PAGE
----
Avidly is running pieces about the experience and labor of writing. You can read the first, “Why I Write for Free,” here. We’d like to encourage people with different perspectives–academic, non-academic; professional, pleasurable– to send us essays on the questions writing raises for them. Just click on “Submissions” above. — Eds
But this is what I consider to be a very special circumstance: Not only does Avidly, the website for which this story is being written, not make any money  (and I mean whatsoever: not turning a profit is not the same thing), it’s also run by a close friend, who personally asked me to contribute this piece. Furthermore, I didn’t think that it would take me very long.
Of the above-mentioned factors, I’d say that the first is the only one that’s truly important in deciding whether or not to write something for free. Once, not too long ago, I was asked to pitch a few ideas to a website associated with a major magazine, and when the editor liked one of those ideas, she asked if I’d be willing to write it up for free. Actually, I believe she said “for fun.” I declined. I’ve been a professional writer for over a decade, and as much as I enjoy my job, I don’t find it quite enjoyable enough that I would be willing to do it for nothing. And, frankly, even if I did, I would still have had to refuse, on principle. Because this editor was not working for fun, except in the sense that cash is sometimes fun, and neither was the web designer, and the photographer whose picture would have accompanied my story would also have been paid at least a licensing fee.
My theory—and please bear in mind that I have never taken Econ, or any kind of business class whatsoever, and furthermore that I majored in English and then got an M.F.A. in Fiction, so clearly I’m not exactly Chomsky (and in fact, I was going to Google “Chomsky” to see if he’s even an appropriate reference, and then I figured, eh, Sarah will know) [Ed: Probably not?]—is that whenever a writer is the only person in a given situation who is not making any money, that writer is complicit in the market’s devaluation of her work, as well as the work of her colleagues. So my thought is that if nobody were willing to write for free (or for fun, or for clips, or for exposure, or even for less than minimum wage) then we’d all be getting paid, at least a little bit.
This is what I tell my students, when I have them. Sure, it’s probably easier to get an assignment if you already have some clips. That being said, nobody’s going to be all that impressed by a bunch of clips from some weird little website that they haven’t heard of, or even from a very big website that famously neither pays, nor edits, nor (as far as I know) turns all that many people down. They’ll be impressed by the quality of your writing, if it’s good, but not necessarily by the fact that you got Wherever.com to post it. So, if someone asks you to write something for free, think hard about what you are really going to get out of it. If the answer is, “a chance at a paying gig down the road,” it might be worth asking if there’s any good reason why you can’t have that chance right now.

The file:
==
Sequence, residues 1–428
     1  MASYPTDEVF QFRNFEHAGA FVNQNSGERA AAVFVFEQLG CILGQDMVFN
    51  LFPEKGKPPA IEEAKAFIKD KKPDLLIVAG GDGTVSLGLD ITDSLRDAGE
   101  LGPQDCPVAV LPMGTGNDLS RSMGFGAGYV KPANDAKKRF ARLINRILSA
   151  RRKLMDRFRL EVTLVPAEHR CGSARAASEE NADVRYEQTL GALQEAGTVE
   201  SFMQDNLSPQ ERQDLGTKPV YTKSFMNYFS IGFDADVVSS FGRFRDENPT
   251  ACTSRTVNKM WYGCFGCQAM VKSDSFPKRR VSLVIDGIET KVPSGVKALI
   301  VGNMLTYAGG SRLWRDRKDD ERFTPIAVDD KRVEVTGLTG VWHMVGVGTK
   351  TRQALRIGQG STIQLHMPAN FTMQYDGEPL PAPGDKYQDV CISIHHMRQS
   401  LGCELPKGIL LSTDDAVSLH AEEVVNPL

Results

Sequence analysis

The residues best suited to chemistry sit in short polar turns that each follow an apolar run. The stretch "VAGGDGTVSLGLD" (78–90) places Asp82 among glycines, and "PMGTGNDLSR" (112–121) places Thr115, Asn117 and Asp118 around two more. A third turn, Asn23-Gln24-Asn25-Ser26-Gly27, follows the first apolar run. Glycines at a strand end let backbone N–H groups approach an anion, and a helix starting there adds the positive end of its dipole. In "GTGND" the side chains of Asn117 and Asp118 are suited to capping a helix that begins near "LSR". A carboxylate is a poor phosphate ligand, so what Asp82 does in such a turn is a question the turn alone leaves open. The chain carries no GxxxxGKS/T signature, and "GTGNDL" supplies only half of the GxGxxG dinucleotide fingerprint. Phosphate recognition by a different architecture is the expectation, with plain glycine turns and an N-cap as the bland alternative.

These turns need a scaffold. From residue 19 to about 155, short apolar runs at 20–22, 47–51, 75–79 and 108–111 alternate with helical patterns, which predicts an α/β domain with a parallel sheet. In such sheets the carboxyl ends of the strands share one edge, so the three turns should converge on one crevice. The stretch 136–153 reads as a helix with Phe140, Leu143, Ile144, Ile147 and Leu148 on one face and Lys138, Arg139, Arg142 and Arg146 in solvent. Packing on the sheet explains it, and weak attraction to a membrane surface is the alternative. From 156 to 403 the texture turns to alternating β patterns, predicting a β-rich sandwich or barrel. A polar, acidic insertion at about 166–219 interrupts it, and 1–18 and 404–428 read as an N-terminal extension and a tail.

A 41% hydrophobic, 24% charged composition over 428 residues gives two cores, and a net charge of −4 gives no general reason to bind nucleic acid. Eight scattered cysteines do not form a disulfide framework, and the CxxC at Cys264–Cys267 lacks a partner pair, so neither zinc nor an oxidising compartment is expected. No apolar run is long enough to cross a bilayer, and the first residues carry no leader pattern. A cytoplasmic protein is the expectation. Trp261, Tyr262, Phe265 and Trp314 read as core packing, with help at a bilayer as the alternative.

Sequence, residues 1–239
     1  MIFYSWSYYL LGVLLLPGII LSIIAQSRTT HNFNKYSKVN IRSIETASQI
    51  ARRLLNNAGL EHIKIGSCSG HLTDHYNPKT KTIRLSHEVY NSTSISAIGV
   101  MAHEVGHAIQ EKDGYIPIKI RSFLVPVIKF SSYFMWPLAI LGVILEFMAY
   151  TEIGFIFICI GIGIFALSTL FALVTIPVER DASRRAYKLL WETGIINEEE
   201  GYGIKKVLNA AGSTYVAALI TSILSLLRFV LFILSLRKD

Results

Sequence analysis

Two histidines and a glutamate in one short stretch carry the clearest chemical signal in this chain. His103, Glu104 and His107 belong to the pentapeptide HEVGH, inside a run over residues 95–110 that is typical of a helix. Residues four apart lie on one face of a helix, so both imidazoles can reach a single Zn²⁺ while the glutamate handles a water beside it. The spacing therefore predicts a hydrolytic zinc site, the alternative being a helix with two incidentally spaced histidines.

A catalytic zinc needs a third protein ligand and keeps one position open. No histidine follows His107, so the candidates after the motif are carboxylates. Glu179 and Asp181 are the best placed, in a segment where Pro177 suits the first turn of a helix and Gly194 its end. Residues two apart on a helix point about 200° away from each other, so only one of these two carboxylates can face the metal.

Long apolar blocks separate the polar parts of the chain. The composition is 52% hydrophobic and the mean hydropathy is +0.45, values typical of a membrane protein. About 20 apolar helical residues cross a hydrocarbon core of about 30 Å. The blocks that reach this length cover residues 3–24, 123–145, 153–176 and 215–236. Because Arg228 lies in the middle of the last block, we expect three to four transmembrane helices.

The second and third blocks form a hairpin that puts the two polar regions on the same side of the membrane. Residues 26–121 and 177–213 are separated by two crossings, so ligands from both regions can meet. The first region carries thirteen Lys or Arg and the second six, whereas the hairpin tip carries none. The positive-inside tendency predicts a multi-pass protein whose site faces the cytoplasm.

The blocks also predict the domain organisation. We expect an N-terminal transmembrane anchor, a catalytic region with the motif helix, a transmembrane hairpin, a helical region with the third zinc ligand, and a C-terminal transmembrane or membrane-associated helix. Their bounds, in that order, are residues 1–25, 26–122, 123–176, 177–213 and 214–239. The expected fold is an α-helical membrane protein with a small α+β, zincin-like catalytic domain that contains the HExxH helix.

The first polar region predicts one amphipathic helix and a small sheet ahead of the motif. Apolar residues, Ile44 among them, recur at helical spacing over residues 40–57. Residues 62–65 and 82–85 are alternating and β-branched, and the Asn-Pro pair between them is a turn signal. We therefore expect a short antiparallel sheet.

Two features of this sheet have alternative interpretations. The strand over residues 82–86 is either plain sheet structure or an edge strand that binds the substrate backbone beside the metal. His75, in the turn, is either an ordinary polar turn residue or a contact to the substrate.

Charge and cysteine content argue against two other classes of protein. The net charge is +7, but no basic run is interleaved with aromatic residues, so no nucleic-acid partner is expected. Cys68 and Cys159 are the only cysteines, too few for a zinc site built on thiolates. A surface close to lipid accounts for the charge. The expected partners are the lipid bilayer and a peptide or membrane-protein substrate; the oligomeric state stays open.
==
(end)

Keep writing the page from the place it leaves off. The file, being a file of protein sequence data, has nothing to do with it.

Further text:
However, I’m not a total hard-liner, and the truth is that Stephanie Lucianovic and I are probably not all that far apart on this issue, except that, given what appear to be very similar criteria for determining when it might be appropriate to write something for free, we’ve made different decisions. She appears to have done it somewhat frequently, even if you don’t count her blog (and I don’t ) whereas I’ve done it, as far as I can remember, exactly once. By which I mean now. This.
But that disparity might just as easily be chocked up to laziness (I can’t imagine feeling, as she wrote in her piece, that my thoughts on this topic “need to come out”), or to the fact that I don’t usually write personal essays, as to some underlying philosophical difference; I suppose that I, too, would be willing to write for The Rumpus, although I’m mercenary enough that I would probably try to place whatever theoretical piece I’d write for them at a paying outlet first.
And—hypocrisy alert—the big twist that I bet you never saw coming is that I do write for free, almost every day, but the thing that I’m writing for free is fiction. I do it for exactly the same reasons that Stephanie offered, in her essay, for giving away her non-fiction: I’d be writing it anyway, and I want to get it out there. Sometimes I fantasize about how fantastically rich I’d be if I could get my magazine rate for my short stories, but the truth is, it’s not overly likely to ever happen. But there it is, the real reason that I almost never, ever write for free: I’ve got other totally non-lucrative work to do! Writing is my day job, and I tend to treat it as such. I’d love to finish this piece with a hot little kicker, like: Maybe if fewer people were willing to give it away, it could be their day jobs too. But I’m not totally sure that’s right. And, honestly, I’m not being paid enough (or anything) to think about it any longer.